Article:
In the months between George W. Bush’s first Inauguration in January of 2001 and the terrorist attacks of 9/11, Republicans in both Houses of Congress were busily patting themselves on the back for retaining control of Capitol Hill and gaining the White House.
The conservative public policy community and its health care scholars were delighted that after years of economic and practical analysis, market-based, patient-centered reforms that expand choice, increase access to care and stabilize costs would be achieved.
After 9/11, our leaders focused on keeping our nation safe – and rightfully so. The domestic policy agenda was largely ignored and little attention paid to passing meaningful health care reform. When Democrats re-captured majorities in the House and Senate in 2006, contributing to their success was anger and disappointment by voters who felt the GOP squandered its chance to pass health care and entitlement reform.
Democrats, however, did not make the same mistake.
From the moment Barack Obama became president, they pushed for big government health care and passed ObamaCare over the objections of the American public. Many aspects of ObamaCare were presented dishonestly, with several line items removed after proponents claimed they weren’t there in the first place.
“Here,” said ObamaCare supporters, “is your long awaited health care reform.”
ObamaCare is not health care reform. It is a massive tax increase of at least $500B to be paid by Americans over the next ten years. It is expected to increase federal spending by one trillion dollars in its first decade and nearly three trillion when fully implemented – adding to America’s already mind-numbing debt. It adds a myriad of regulation and new bureaucracies to an already bloated system that will result in yet another unsustainable government entitlement program for taxpayers while limiting health care choices for patients at a personal, private and painful level.
Despite assurances by ObamaCare supporters, patients and providers are already seeing increases in costs and limits on services. ObamaCare gives no flexibility to consumers in its mandate that all Americans purchase health insurance and imposes significant monetary penalties to individuals and businesses if they do not comply with that mandate.
Seniors in particular will be negatively impacted by ObamaCare, which is already cutting reimbursements to doctors and other health care providers, leading many to drop Medicare patients. ObamaCare cuts over one trillion from Medicare in the next ten years while doing nothing to provide seniors with more choice or flexibility.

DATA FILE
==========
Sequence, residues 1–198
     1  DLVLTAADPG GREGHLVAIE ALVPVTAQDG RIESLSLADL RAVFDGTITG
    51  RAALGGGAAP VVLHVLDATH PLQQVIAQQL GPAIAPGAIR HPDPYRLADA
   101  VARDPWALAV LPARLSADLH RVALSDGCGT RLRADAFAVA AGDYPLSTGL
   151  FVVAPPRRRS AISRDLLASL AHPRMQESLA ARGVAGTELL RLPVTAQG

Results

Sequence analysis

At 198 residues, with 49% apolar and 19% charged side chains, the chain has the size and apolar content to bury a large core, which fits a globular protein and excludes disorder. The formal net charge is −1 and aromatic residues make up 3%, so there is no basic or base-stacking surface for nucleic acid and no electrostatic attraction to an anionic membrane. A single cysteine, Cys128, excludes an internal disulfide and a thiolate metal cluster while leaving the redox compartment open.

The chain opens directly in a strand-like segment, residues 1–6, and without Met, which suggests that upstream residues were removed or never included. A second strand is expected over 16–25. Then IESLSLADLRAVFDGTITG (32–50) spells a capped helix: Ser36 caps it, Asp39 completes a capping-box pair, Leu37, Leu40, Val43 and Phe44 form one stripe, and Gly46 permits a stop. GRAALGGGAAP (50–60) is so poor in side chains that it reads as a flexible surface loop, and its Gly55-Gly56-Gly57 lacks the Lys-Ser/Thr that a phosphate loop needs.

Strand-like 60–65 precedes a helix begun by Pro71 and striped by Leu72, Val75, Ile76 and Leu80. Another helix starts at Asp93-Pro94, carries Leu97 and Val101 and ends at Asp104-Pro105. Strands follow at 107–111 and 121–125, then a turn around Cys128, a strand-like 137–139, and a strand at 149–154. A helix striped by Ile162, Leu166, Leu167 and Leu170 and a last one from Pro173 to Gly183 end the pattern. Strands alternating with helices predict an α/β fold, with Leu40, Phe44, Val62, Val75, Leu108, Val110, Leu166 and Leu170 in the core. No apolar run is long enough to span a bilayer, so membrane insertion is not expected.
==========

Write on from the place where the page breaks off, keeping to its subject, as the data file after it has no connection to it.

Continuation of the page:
ObamaCare dictates coverage requirements in Medicaid, the federal health care program for low-income Americans implemented by the states. States will be struggling for find $100B (from taxpayers) to pay for the massive increase in enrollees mandated by ObamaCare.
The program includes regulatory and tax changes that negatively impact the ability of our nation’s medical innovators — who have led the world in new technologies and treatments — to invest in new ideas and products.
Ultimately, ObamaCare will harm America’s patients by limiting their ability to make decisions about their health or medical treatments. This government-run health care program will eventually lead to barriers to treatment, an overall reduction in the quality of American health care, and devastating outcomes for patients who face rationed care.
It is nearly assured that ObamaCare will face repeal by legislative, judicial or executive hand — or some combination thereof — before full implementation in 2014. We must not repeat the sins of the past that lead us to this lurch toward socialized medicine. Now is the time to prepare for passing good, healthy, patient-centered reforms. They need to be in the pipeline, ready to flow at the first possible legislative moment.
Reforms that benefit patients and truly reform the system — without breaking it — must apply elements of choice, competition, accountability and responsibility to patients, providers and insurers alike.
The quality and primacy of the patient-doctor relationship must always be protected, and policy changes that make the patient the priority will improve affordability of coverage and expand access to care while providing flexibility, portability and coverage choices for the uninsured.
Market-based reforms that meet these criteria already exist and have been analyzed and scrutinized at length. These include allowing individuals to deduct premium from their taxes as businesses do, permitting insurers to sell policies in a competitive state-to-state market, tax and regulatory changes that create a stable environment for investment in medical treatments and products, and entitlement reform that increases choice for enrollees while giving states flexibility in program management and funding. Medical malpractice, which costs $56B a year, must be addressed through tort reform.
Americans are smart enough to do two things at once – repeal ObamaCare and prepare reforms to replace it. Let’s put patient-centered health care back on the table of national discussion and look beyond repeal in a meaningful and substantive way.
Kerri Toloczko is the Director of Beyond Repeal (www.BeyondRepealOnline.org), a project of the Independent Women’s Forum that advocates for market-based, patient-centered health care reform.